# Need help with three questions

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Hi guys I just wanted to pick your brains sort of speak, it would be most appreciated if you could help. here are the questions.

a)  The luminosity of the Sun is 4*10^33 erg/s, and its radius is 7*10^10 cm.

You are tasked with building a solar power plant in the Arizona desert, using solar panels with 10% efficiency. How large an area (km^2) must your solar panels cover to match the power output of a large nuclear powerplant (about a GigaWatt)? Please enter your answer in units of km^2

The Keck telescope on Mauna Kea has an angular resolution on Earth of half an arcsecond.

How far away (in meters) could you read ("resolve the letters of") a book with 3 mm square type, using the Keck telescope on Earth?

c)  In space, the angular resolution of the Keck telescope is govererned by the diffraction limit.

How far away could you read the same book, using the Keck telescope in space? Please express your answers in units of meters.

These questions are from a free astronomy topic from coursera, anyone can join for free, its fun but some of the questions have placed me in a stump, I cannot move forward until I complete these three.

Ronnie

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Ronnie,

a. First you will need to calculate the flux (watts/km2) which falls on the Earth's surface from the Sun. You have the Sun's luminosity as 4.0E33 erg/s which is equal to 4.0E26 Watts. Using the distance from the Sun to the Earth of about 1.5E8 km calculate the surface area of a sphere using this distance as the radius. Divide the power from the Sun by the surface area and this will give you the flux at the Earth's surface. You know you need 1 Gigawatt (1E10 Watts) output power from the solar array, but remember it's only 10% efficient so you need more power going into the array, i.e. 1E10 Watts. Now divide this required input power to the array by the flux falling onto it and it should give you the area of the array in square kilometres.

b. Here you can you use the small angle approximation which basically says that the angle (in radians) formed by a small object at a very large distance can be calculated by dividing the size of the object by it's distance (all in metres). So if you know the angle (in this case the angular resolution) you can rearrange it to find the distance in metres by dividing the size of the object (in metres) by the angle (in radians). But you will have to convert the angular resolution of 0.5 arcseconds into radians. If you are not familiar with this multiply the number of degrees by pi and divide by 180. Remember there are 60 minutes in a degree and 60 seconds in a minute so one degree equals 1/3,600 arcseconds.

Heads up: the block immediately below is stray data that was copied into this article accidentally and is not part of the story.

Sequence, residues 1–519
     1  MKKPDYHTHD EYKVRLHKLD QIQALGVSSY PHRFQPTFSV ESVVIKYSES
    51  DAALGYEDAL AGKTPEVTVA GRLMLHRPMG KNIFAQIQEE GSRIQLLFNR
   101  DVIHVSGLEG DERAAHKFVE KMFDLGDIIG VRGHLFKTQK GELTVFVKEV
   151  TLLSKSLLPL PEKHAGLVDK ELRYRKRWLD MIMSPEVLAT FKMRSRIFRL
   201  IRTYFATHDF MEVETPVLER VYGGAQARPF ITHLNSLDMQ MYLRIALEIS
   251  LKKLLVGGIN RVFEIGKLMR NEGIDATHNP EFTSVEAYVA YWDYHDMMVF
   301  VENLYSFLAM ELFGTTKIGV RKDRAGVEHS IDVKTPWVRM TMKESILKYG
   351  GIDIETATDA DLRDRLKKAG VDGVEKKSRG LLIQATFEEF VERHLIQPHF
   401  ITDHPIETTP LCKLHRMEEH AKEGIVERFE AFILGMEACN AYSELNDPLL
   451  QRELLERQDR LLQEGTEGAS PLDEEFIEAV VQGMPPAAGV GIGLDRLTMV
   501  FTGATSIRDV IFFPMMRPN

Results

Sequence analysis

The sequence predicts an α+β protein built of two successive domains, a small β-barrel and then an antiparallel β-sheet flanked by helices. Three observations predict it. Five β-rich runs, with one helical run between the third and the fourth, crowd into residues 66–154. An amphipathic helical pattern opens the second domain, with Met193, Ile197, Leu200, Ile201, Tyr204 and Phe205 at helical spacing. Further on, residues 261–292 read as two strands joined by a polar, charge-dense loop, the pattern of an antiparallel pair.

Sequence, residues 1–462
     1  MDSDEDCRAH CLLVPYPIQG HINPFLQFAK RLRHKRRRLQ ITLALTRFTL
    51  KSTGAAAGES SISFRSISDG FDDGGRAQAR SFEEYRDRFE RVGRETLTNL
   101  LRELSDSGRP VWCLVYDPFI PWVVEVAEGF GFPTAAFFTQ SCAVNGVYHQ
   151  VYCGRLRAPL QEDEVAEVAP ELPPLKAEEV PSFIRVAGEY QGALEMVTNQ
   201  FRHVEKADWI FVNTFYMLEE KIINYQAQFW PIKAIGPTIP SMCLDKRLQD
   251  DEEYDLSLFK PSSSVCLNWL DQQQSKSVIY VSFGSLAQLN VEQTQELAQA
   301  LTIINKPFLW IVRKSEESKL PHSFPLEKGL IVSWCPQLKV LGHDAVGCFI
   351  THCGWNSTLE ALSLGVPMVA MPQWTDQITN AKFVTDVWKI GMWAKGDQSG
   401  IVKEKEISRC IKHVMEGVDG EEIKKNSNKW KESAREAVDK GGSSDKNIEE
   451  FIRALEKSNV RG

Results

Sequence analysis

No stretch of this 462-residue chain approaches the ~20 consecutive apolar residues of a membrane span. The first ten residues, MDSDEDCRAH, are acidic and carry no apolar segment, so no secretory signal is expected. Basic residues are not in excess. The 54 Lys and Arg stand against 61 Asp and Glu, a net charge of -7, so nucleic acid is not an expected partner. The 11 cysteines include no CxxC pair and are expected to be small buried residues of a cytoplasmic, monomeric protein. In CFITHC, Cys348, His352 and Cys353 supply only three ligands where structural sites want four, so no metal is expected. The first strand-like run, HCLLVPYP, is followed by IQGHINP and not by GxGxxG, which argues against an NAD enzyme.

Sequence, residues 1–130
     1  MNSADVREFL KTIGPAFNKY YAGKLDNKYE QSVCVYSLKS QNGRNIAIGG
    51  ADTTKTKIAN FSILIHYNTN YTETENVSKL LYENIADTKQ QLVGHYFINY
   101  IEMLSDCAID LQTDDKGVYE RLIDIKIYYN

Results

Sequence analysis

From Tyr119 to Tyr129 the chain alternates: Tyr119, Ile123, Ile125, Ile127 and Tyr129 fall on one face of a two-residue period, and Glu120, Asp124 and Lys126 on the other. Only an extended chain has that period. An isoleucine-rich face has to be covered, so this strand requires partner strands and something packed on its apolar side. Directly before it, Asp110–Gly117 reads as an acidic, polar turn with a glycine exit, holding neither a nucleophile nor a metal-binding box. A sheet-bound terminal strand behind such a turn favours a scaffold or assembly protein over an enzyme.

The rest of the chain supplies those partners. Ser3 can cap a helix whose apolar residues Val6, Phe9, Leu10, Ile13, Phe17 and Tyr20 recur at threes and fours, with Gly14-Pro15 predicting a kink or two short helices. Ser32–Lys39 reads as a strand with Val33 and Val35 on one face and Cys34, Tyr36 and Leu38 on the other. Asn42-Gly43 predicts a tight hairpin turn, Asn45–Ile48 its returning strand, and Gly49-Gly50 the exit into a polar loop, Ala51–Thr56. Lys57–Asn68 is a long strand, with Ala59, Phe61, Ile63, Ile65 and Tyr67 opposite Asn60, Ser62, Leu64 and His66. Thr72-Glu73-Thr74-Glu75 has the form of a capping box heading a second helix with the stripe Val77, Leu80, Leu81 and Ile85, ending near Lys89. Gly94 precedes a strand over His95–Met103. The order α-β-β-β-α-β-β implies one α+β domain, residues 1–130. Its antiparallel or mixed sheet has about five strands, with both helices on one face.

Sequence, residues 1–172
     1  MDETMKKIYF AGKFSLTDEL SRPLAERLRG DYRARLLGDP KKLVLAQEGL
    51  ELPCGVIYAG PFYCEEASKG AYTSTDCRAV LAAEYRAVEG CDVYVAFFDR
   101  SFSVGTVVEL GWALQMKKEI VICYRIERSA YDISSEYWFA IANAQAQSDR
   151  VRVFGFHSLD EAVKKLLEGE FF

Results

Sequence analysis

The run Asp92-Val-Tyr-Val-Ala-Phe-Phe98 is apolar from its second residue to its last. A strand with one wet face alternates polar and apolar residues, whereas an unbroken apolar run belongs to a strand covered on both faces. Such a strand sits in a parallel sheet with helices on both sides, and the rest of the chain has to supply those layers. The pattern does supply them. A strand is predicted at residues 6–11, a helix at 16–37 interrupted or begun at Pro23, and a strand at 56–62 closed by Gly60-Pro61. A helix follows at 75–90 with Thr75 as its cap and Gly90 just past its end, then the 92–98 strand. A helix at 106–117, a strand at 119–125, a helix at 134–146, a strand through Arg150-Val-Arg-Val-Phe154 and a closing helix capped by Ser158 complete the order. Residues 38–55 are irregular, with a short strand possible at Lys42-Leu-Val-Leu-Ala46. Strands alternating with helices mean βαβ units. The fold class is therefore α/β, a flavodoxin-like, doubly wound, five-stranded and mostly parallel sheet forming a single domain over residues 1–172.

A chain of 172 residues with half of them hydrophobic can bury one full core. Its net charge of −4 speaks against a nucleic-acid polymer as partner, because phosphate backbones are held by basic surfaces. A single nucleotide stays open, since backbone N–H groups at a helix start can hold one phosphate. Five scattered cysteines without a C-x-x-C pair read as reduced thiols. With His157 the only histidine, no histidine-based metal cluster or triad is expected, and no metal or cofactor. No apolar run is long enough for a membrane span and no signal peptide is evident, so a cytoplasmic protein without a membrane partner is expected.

c. For diffraction limited optics you will need to calculate the angular diffraction. For this you will need the diameter of the optics in this case the Keck which I believe is 10 metres diameter and also the wavelength of light which you can approximate to 500 nm (5E-7 metres). The angular diffraction is calculated by dividing the wavelength of light by the diameter of the optics and multiplying by 1.22. This gives you the angular diffraction in radians. You can then use the small angle approximation outlined in b. to work out the distance using the angular diffraction you have just calculated and the size of the object.

I hope all of the above helps.

Cheers, Bob

Edited by bob1957
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Cheers Bob for the help, will give it a go tomorrow, its a bit late to try now, just finished work so brain power is down lol

Ronnie

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For question 1 you'd also need to factor in the angle of the panel relative to the sun because the insolation varies as the angle of incidence changes. I suppose you could assume a multi-panel array with each panel equatorially mounted to track the sun.

Olly

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Good point Olly. The panel area decreases as the angle towards the vertical increases as the Sun passes overhead, unless as you say the panels can track the movement of the Sun for optimum area.

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Good point Olly. The panel area decreases as the angle towards the vertical increases as the Sun passes overhead, unless as you say the panels can track the movement of the Sun for optimum area.

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Seems I've developed a stutter!

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• 3 years later...

What's the answer for (b)

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For (a), if this was a real situation and not a typical simplistic course question, then you would also need to consider the solar spectral energy density, the atmospheric transmission and the efficiency of the solar cells with wavelength. (Not sure why they have given you the diameter of the sun, except that  with this and the luminosity,  you could estimate the temperature and hence the spectral energy density, though I doubt that is what they intended.

Cheers

Robin

EDIT: Holy thread resurrection batman!

Edited by robin_astro

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